Many respondents felt that young and unmarried women should not be sexually active. Some young women living at home stated that having sex would be disrespectful to their parents and a pregnancy could result in being kicked out of the home. Young women without children, particularly adolescents, described family planning as a “taboo” topic they were scared to discuss with their parents. While parents were a source of information for a minority of young women without children, most felt communication on family planning was lacking, but “something families should talk about.” For instance, one urban adolescent described, “At home, my mom tells me to take care of myself but never tells me how.” Several health committees reiterated the importance of parents giving more guidance to young women, and said that many adolescents choose not to use protection despite receiving information at school. Several adolescent and young women living with their parents said it would be disrespectful to use methods such as pills while living in their parents’ homes, so they depend on male partners to use condoms.

Stigma at health facilities and pharmacies limits adolescent girls’ access to methods

Although the supply of methods is reportedly good overall, adolescent girls face unique access barriers. Many adolescent girls feel too uncomfortable to talk to a health worker about family planning, which may be reinforced by provider behaviors. As one urban adolescent girl reported, “They only give condoms to men, not to women … At the health center, they only give underage women the talk, but no family planning methods, unless you’re married.” This concern was echoed by others who said “being underage” is a barrier to receiving methods. A rural man explained: “The problem is that when the clinic offers condoms to young people, the communities see it as giving kids permission to have sex.” Outside of health facilities, adolescent girls are nervous they may run into someone they know if attempting to purchase methods at a drugstore.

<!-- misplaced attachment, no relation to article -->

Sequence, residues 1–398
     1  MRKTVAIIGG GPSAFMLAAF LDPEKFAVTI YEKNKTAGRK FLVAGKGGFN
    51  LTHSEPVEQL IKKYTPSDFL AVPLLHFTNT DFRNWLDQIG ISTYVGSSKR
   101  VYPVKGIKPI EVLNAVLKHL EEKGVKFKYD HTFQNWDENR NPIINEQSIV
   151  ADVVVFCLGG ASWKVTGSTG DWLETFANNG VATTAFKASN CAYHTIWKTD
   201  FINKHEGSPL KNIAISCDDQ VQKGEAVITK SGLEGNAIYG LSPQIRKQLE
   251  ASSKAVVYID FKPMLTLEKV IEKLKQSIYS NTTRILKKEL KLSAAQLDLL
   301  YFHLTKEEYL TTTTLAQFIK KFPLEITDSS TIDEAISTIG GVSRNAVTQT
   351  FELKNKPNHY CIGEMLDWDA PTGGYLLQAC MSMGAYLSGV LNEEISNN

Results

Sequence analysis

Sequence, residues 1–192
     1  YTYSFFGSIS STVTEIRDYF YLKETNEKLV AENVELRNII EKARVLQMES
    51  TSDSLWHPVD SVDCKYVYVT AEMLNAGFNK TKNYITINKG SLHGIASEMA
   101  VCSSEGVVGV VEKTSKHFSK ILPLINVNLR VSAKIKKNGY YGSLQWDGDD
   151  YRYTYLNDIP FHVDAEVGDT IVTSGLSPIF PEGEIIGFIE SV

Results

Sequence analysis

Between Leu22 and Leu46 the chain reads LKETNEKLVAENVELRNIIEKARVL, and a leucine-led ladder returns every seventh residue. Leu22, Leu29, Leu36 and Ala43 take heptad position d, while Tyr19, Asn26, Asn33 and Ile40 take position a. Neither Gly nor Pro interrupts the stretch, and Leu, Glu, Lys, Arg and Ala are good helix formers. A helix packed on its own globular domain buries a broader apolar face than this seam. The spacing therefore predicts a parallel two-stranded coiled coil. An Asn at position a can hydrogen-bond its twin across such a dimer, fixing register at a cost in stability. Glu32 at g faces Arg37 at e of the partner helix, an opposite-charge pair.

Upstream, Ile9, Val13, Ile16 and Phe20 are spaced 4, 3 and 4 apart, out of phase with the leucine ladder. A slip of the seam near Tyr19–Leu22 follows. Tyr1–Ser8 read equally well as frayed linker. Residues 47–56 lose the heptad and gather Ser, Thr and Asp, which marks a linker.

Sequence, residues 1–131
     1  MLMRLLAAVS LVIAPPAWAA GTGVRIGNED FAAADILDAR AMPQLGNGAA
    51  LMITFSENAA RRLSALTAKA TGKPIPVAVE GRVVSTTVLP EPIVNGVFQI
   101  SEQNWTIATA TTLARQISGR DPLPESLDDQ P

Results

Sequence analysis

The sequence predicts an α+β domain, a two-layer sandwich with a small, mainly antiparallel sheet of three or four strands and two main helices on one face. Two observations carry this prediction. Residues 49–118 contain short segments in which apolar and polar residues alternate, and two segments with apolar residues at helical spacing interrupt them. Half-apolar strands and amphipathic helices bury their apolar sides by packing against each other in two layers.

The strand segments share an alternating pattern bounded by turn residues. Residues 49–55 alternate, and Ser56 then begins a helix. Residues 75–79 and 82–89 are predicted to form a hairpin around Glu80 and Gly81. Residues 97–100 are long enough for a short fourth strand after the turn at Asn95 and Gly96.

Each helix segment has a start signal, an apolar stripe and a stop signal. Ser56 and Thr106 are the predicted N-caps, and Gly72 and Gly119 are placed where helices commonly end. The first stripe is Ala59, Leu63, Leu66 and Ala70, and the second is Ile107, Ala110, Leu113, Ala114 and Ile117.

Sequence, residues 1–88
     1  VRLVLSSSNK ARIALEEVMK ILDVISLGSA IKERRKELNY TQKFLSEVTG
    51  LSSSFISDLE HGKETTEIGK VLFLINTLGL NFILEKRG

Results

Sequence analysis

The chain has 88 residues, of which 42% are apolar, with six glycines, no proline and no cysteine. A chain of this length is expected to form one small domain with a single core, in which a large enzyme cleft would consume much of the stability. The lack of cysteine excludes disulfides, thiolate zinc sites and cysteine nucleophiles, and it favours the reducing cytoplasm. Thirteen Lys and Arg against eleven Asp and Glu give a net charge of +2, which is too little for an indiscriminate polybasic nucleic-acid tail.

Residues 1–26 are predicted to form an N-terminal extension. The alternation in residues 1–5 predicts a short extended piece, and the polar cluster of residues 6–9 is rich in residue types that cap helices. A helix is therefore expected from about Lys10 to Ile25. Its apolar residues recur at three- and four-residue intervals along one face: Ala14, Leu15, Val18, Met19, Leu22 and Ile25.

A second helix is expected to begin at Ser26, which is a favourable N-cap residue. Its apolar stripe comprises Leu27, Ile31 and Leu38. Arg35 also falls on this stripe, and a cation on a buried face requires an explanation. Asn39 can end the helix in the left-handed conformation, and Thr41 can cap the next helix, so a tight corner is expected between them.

Unwelcome side-effects and fear of long-term impacts deter women and men from hormonal methods

Many men and women had significant concerns about the short- and long-term side-effects of pills, injections, and hormonal methods overall. Short-term side effects mentioned by respondents included weight gain, mood and hormonal changes, altered menstrual cycle, headaches, nausea, and swollen feet. Many women noted that each person reacts differently, and said they dealt with problems by switching to alternate methods. However, these concerns also reduce demand, as for one rural woman with children: “It scares me, I’m afraid that [pills and injectable methods] can kill me … I prefer to have children than die of a headache because of family planning methods.”

Women and men also worried about long-term fertility impacts, including needing time to “detox” in order to become pregnant without harming the baby or miscarrying; difficulty conceiving after use; and harming or altering the uterus and ovaries. These concerns were present in both rural and urban FGDs. Several respondents cited doctors as the source of their concern. For instance, one women said the doctor recommended stopping pills after 1 year to avoid harming her body and causing infertility. Men in one rural focus group were unhappy the government is “demanding” women use family planning, as the methods can cause pain and other effects during pregnancy and delivery, and limit the effectiveness of traditional medicines administered by midwives. One man explicitly stated that he saw family planning as a “plan of the government” to weaken or kill women.

Contraceptive preferences